Chances are you already know that a lack of sleep can affect your mood. Who among us hasn’t experienced a restless night and then, known the irritable, sluggish feeling of trying to push through work or school the next day? Add a few more restless nights and you can feel like you’re in a real funk, completely run down, not at all yourself. When we don’t get enough sleep, we are more vulnerable to stress. We also experience an increase in feelings of anger, sadness, as well as impaired cognitive function. If you’re suffering from chronic sleep deprivation, you could be at risk of developing depression or an anxiety disorders. 40 million people suffer from chronic sleep deprivation every year, while an additional 20 million struggle occasionally with sleep challenges.1
Is your bad mood a result of sleep deprivation, or is sleep deprivation a result of your bad mood? The answer, in short, is both. If you are battling high levels of anxiety or stress in your life, it causes your body to be hyper-aroused, making it difficult to fall asleep. Consequently, chronic stress can lead to insomnia, which in turn can lead into a mental health disorders. A study conducted on 10,000 adults showed that individuals experiencing insomnia were five times more likely to develop depression, and 20 times more likely to develop an anxiety disorder4. Poor sleep habits are also linked to an increased risk for heart disease, compromised immune system, weight gain and memory issues 2. A study conducted on the effects of learning and the REM (Rapid Eye Movement) sleep cycle showed that those who were taught a skill and then deprived of the deep sleep of REM were less likely to recall the skill than those who had achieved full REM sleep4.It’s no wonder we feel so groggy in the mornings after a lousy night’s sleep, having failed to reach the deepest, most restorative level of our sleep cycle.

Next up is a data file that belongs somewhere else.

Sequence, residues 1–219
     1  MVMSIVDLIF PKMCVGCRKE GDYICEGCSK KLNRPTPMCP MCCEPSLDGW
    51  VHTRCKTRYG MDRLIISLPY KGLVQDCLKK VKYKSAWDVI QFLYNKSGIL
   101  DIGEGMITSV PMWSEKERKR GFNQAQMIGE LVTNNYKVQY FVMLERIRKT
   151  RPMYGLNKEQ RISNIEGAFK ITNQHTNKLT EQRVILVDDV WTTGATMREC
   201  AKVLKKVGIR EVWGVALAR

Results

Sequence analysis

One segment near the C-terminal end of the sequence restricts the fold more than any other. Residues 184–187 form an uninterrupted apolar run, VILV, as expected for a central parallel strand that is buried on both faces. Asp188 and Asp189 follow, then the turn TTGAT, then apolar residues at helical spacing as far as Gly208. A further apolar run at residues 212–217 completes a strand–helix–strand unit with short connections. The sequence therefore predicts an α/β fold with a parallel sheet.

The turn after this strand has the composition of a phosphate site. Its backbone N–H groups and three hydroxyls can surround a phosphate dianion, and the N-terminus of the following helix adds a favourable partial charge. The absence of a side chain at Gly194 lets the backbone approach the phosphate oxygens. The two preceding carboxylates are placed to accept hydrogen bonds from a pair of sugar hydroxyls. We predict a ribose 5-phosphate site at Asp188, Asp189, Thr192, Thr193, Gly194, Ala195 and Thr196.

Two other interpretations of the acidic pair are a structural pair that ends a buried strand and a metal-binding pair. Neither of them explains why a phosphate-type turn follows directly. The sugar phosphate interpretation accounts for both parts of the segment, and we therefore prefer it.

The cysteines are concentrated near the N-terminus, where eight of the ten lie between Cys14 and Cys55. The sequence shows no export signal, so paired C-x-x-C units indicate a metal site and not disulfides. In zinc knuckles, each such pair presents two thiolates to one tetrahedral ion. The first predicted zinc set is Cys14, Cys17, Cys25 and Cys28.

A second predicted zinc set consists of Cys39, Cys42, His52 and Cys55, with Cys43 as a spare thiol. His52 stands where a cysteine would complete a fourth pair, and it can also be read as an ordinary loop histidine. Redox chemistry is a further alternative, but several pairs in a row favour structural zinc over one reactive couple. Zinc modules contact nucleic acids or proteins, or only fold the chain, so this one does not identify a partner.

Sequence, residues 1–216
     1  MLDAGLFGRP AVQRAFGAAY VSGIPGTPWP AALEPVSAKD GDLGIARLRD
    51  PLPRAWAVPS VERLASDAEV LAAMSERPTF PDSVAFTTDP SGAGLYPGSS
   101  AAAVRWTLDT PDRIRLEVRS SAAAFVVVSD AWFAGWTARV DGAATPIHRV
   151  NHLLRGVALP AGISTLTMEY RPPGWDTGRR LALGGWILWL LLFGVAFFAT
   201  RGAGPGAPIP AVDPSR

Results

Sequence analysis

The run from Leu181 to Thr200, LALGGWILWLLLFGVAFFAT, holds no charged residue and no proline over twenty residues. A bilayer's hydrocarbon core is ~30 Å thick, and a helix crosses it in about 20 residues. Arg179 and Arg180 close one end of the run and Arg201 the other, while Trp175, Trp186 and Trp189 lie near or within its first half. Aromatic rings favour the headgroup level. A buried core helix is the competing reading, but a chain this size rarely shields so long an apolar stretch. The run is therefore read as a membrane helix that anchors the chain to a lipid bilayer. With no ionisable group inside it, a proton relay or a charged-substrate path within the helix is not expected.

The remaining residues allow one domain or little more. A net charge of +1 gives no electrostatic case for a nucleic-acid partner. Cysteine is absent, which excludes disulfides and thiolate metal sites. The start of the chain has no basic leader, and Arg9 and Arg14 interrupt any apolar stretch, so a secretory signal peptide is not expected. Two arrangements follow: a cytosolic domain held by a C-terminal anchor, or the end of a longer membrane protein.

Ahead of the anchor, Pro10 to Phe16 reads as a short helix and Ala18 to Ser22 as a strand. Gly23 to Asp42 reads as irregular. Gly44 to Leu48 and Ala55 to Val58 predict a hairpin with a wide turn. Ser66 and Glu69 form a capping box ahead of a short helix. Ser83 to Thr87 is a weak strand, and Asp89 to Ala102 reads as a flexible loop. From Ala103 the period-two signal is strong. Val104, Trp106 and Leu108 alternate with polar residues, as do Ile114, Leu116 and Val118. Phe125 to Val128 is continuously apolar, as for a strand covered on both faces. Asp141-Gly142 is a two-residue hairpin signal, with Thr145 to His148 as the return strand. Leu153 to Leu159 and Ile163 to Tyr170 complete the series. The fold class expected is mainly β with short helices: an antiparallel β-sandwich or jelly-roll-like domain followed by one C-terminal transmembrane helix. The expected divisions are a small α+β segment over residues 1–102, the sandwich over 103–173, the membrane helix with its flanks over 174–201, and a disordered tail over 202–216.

So, why is it important to develop healthy sleeping habits? Even partial sleep deprivation can significantly affect your mood. A study conducted on persons who were limited to four and a half hours of sleep a night for a week resulted in individuals who felt stressed, angry, sad, and mentally exhausted. Once they returned to their normal sleeping habits, their mood improved dramatically.1 It’s not always possible to get the full 8 hours of recommended sleep every night, but the longer it takes us to get back on schedule or to develop proper sleeping habits, the more significant an impact the sleep deficit may have on our mental wellness. The sooner we develop good sleeping habits, the better our mental wellness will be.
Ask yourself, the next time you’re feeling irritable or have a hard time concentrating, “how well did I sleep last night”?
You may find the answer to your bad mood is as simple as “I need more sleep!”
- Dinges, D. et al., Cumulative Sleepiness, Mood Disturbance, and Psychomotor Vigilance Decrements During a Week of Sleep Restricted to 4 – 5 Hours Per Night, Sleep. 1997 Apr; 20 (4): 267–277.2.Nofzinger, E., Functional Neuroimaging of Sleep, Seminars in Sleep Neurology. 2005 Mar; 25 (1): 9-18.3. “Get Enough Sleep.” Mental Health America. N.p., 04 Feb. 2014. Web. 23 May 2017.4. Publications, Harvard Health. “Sleep and mental health.” Harvard Health. N.p., n.d. Web. 23 May 2017.